Is there anything new to say about Thomas Jefferson and slavery? The answer is a resounding yes. Henry Wiencek's eloquent, persuasive book - based on new information coming from archaeological work at Monticello and on hitherto overlooked or disregarded evidence in Jefferson's papers - opens up a huge, poorly understood dimension of Jefferson's world. We must, Wiencek suggests, follow the money.
So far historians have offered only easy irony or paradox to explain this extraordinary Founding Father who was an emancipationist in his youth and then recoiled from his own inspiring rhetoric and equivocated about slavery, who enjoyed his renown as a revolutionary leader yet kept some of his own children as slaves. But Wiencek's Jefferson is a man of business and public affairs who makes a success of his debt-ridden plantation thanks to what he calls the "silent profits" gained from his slaves - and thanks to a skewed moral universe that he and thousands of others readily inhabited.
Many people of Jefferson's time saw a catastrophe coming and tried to stop it, but not Jefferson. The pursuit of happiness had been badly distorted, and an oligarchy was getting very rich. Is this the quintessential American story?
©2012 Henry Wiencek. Recorded by arrangement with Farrar, Strauss and Giroux, LLC. All rights reserved. (P)2012 HighBridge Company
"This meticulous account indicts not only Jefferson but modern apologists who wish to retain him as a moral standard of liberty. Wiencek's vivid, detailed history casts a new slant on a complex man." (Publishers Weekly)
"Well-rendered yet deeply unsettling.... Wiencek scours the primary sources...for a thoughtful reexamination of what was really going on behind the harmonious facade of the great house on the mountain.... Beautifully constructed reflections and careful sifting of Jefferson's thoughts and deeds." (Kirkus Reviews)
Wiencek's take on Jefferson is factual, direct, and anchored in first hand accounts, including those from Jefferson's own Farm Book. But it is a damning account, and is intended to counteract our tradition of excusing Jefferson's slaveholding or overshadowing it with his Enlightenment ideals about Liberty. We like to tell ourselves that Jefferson was a reluctant slaveholder, who tried to make the most humanistic version of this inhuman practice, but Wiencek will not allow us the comfort of doing so. He makes his case for Jefferson the willing master, who continued to enforce the institution of slavery to the end of his life, and who refused to work directly for its abolition even when he could have and was asked to. Wiencek refuses to let a paragraph, even a sentence, go by in his book without reminding us of the stain that this casts on our image of Jefferson. In terms of style, this (over)emphasis is a bit tedious and difficult to slog through for the course of the book. But, someone has to do it, and I commend Wiencek for taking the unpopular position and for pricking our consciences when what we would like to do is glorify the legacy of a great thinker and leader. Not a fun book to read, not uplifting, but also not untrue, and not insignificant even for Jefferson lovers.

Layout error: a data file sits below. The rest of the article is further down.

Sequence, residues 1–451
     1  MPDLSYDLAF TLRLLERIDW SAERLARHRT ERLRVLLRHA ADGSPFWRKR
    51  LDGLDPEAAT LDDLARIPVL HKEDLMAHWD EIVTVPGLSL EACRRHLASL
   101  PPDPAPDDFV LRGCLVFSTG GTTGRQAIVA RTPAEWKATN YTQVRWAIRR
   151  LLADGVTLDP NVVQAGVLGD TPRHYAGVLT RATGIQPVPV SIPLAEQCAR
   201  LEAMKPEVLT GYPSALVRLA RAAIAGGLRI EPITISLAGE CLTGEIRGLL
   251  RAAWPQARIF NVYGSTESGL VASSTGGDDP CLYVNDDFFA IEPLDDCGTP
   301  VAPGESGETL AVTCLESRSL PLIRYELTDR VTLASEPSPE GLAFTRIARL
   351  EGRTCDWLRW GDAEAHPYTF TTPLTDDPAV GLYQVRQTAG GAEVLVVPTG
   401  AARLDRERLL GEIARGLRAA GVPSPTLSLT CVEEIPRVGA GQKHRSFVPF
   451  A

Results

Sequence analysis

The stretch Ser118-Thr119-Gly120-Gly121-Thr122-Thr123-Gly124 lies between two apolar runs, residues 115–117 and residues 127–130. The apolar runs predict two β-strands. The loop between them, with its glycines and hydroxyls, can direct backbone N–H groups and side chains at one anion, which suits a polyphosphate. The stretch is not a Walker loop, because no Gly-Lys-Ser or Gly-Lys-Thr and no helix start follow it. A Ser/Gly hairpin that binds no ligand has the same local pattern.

The Civil War by Shelby Foote
Master of the Mountain is more than a study of Jefferson and his treatment of his slaves. Jefferson defined the aspirations of liberty and human equality of the American revolution. But his ability to give expression to those worthy aspirations contrasted sharply with exploitative and oppressive practices that he quietly encouraged and in some ways made unavoidable by his reluctance to regard the enslaved as anything but property, (with few exceptions). Part of this story is the running, building up and financing of Monticello. Another part is his relationship with Sally Hemings. Still another part of this story, is how historians have colluded to burnish Jefferson's image, by sanitizing accounts of his relations to his slaves, and his policies. How the relationship between Hemings and Jefferson became practically irrefutable is explained (I was not previously aware of the controversy). The treatment of this relationship by biographers since Jefferson is related, but especially the story of the breakthrough in the 1990s, is told, and is fascinating in itself. The narration was excellent. I couldn't put it down.
The book is a paradox. It is a 11 hour filibuster on the Jefferson behind the mask.
Thomas Jefferson wanted to be remembered for what he believe not what he did. Jefferson was his own PR man ever conscious of his image.
On one hand he wanted the slaves freed. But the reality was he needed them...they were his bread and butter. His ideas about them mirrored the times. They were collateral for loans, workers and to satisfy his needs. He preached against intermingling but anyone visiting his plantation saw he didn't practice what he preached.
He paints himself in the image of the benevolent father figure. But if quotas were not met, he was not against the whip. The overseer did his dirty work.
The author waivers between calling him on his hypocritical ways and excusing his slavery.
In the middle of his summation, the author abruptly quits. I had to make sure I did miss anything. As quickly as he began he was done.
The only redeeming part of the book was learning of his analytical way he set about life. The mansion had some every innovative things for the time.
Jefferson was a hypocrite and any of his 600 slaves could testify to that if they were alive.
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